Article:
Many of our favourite houseplants originate from tropical or subtropical regions of beautiful places like South America, Central America, Australia, Malaysia, and India. Tropical plants live their best lives in relatively humid conditions, but the humidity levels of most homes””especially here in Alberta””are not even close to what one would find on a jungle floor. So, we’re going to break down what humidity is, how to measure the humidity levels in your home and fill you in on the absolute best humidity level for indoor plants.
So, What is Humidity Anyway?
Humidity is a measurement of water vapour in the air at any given location. If you have ever heard the term “relative humidity,” it refers to the amount of water in the air related to the max amount of water vapour. It is important to remember that higher temperatures allow for more water vapour in the air, so the chilly temperatures in the winter are not ideal for increased humidity.
How Do You Measure Humidity in Indoor Plants?
A hygrometer is one of the best tools available to measure the humidity level in areas of your home where you keep your houseplants. The first version of the hygrometer was invented way back in the 1400s by the one and only Leonardo Da Vinci. Like most tools, there have been many technological advancements and variations.
Nowadays, you can download apps on your phone that will measure the humidity levels in your home, or you can pick up a digital hygrometer at most garden centers. If you’re looking for a cool science experiment to do with the kids, you can use a pine cone as a hygrometer! Pine cones close up tightly with high humidity levels and open when it’s really dry.
It is also possible to measure humidity levels in your home using a dehumidifier if you have one already. However, they essentially employ a built-in hygrometer, so we would recommend just purchasing a standalone hygrometer if you are serious about maintaining ideal humidity levels for your houseplants.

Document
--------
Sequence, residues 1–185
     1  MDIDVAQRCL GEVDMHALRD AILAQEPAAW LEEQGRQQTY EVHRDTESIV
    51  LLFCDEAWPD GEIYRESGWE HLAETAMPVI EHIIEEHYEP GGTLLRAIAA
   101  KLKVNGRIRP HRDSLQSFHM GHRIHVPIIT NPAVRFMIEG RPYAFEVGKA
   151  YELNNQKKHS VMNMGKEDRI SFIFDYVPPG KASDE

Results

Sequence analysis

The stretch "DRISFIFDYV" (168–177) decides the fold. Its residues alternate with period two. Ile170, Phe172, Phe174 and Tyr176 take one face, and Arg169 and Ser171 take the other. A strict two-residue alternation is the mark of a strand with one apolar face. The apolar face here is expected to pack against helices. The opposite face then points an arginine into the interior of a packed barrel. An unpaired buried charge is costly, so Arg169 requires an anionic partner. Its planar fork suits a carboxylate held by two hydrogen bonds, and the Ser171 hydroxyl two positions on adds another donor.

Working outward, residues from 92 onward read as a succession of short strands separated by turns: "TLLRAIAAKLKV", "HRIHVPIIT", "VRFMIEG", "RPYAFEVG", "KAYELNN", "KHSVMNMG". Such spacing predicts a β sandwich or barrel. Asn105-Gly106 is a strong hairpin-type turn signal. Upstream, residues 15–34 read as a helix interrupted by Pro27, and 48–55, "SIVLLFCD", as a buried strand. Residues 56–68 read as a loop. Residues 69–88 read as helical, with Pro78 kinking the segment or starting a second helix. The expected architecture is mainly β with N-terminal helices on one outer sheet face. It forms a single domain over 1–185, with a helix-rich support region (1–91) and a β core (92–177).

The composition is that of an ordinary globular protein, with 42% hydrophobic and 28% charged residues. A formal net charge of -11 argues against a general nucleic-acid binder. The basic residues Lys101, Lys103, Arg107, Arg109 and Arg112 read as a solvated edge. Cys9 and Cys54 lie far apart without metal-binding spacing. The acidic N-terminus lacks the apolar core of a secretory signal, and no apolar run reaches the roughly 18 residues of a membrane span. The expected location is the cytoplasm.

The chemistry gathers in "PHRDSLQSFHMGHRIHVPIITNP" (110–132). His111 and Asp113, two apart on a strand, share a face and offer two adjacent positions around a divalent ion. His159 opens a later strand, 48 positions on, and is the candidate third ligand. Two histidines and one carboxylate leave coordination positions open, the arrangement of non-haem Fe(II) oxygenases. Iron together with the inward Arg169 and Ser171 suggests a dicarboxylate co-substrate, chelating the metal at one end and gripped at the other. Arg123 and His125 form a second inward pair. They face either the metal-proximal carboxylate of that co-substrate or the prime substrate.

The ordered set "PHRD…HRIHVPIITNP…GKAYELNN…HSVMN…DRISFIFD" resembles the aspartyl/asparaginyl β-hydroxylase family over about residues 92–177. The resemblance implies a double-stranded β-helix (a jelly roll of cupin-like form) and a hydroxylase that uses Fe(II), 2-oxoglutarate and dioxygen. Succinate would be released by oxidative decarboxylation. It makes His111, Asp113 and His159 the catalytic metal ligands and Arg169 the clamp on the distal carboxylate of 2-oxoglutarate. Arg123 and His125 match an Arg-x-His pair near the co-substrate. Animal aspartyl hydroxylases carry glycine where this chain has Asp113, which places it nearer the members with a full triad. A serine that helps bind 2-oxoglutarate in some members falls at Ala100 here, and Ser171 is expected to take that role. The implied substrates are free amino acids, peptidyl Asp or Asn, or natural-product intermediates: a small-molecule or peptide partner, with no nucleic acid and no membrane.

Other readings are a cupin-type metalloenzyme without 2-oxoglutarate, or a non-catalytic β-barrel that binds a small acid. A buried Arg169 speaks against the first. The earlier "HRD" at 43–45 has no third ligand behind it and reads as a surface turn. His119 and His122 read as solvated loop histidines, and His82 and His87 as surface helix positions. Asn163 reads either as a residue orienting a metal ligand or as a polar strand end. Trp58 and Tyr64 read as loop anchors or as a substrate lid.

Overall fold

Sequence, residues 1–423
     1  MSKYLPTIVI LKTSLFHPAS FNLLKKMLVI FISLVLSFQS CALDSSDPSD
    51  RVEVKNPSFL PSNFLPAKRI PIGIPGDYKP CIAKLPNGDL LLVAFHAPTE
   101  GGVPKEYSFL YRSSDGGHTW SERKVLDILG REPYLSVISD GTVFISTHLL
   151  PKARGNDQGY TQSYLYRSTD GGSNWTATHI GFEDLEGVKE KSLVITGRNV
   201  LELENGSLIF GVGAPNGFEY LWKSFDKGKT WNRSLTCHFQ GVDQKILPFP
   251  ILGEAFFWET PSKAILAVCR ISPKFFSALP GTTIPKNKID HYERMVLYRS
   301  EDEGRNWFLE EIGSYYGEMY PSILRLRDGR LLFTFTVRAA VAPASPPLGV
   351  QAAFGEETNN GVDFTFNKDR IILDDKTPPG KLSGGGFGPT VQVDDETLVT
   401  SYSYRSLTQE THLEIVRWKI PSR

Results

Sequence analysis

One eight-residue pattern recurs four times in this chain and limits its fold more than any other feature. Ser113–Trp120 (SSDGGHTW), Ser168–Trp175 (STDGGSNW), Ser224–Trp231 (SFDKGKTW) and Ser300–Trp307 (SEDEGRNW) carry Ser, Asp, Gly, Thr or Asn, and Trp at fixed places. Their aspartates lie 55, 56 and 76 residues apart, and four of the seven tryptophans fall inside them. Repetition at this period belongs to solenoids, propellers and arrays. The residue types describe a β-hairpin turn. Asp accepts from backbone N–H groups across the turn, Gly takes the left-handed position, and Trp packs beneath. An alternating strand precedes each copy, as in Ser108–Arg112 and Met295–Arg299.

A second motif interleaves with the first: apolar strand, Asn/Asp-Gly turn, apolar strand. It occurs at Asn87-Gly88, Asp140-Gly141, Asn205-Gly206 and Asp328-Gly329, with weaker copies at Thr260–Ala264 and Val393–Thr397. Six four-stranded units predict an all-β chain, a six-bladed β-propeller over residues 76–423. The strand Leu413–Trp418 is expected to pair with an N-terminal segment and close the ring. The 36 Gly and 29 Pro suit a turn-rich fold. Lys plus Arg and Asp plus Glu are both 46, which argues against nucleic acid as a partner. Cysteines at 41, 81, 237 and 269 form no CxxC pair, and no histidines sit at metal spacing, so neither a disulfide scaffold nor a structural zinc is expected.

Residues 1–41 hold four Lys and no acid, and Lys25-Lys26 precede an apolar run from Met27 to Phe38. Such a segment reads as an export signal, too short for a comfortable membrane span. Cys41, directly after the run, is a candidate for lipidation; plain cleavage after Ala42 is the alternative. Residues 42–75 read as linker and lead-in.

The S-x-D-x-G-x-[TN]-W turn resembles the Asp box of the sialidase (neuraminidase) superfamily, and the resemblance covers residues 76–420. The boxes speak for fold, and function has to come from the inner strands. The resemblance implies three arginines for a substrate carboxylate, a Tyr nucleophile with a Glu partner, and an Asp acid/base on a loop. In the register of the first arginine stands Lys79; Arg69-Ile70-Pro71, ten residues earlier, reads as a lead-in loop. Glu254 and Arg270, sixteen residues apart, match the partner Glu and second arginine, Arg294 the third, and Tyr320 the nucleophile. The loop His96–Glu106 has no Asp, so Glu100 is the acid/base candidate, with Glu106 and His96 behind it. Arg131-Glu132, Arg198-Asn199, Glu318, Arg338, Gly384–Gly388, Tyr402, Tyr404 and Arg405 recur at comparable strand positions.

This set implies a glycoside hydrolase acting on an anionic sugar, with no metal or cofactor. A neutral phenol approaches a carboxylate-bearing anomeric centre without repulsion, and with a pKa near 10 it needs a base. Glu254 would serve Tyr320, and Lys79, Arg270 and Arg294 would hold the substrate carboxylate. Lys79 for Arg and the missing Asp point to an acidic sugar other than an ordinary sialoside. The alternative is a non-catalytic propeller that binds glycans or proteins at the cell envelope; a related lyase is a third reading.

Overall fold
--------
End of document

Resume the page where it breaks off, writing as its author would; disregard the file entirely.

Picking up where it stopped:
What is the Best Humidity Level for Indoor Plants?
Humidity levels are rated by a percentage and, while some tropical plants are used to humidity levels as high as 90%, a 50% to 60% humidity level is ideal for most mature houseplants. However, if most of your houseplants hail from more arid regions like the desert (think succulents & cacti), they are happy to chill in a space with a humidity level as low as 10%.
When grouping your houseplants, keep their humidity preferences in mind! Similar to light preferences, you’ll want to group like with like. A good point to remember is that plants with thick leaves such as Echeveria and Aloe can tolerate much lower humidity levels since they can hold a lot of water in their leaves. So, aim to group your tropical houseplants in an area where you can actively increase the humidity while keeping your cacti and succulents in a drier area of your home.
Another thing to remember is that all plants require very high humidity levels (90 to 100%) while they are in their growth stage to allow seeds to germinate. Hence why we typically cover seeds with a plastic dome of sorts. It naturally raises the humidity levels, speeding up the germination process.
Did you know that increasing your houseplant collection is one of the easiest ways to increase humidity levels and improve air quality? See for yourself by checking out the exciting new houseplant varieties available at Salisbury Greenhouse, or learn more ways to increase houseplant humidity in part one of our winter houseplant series.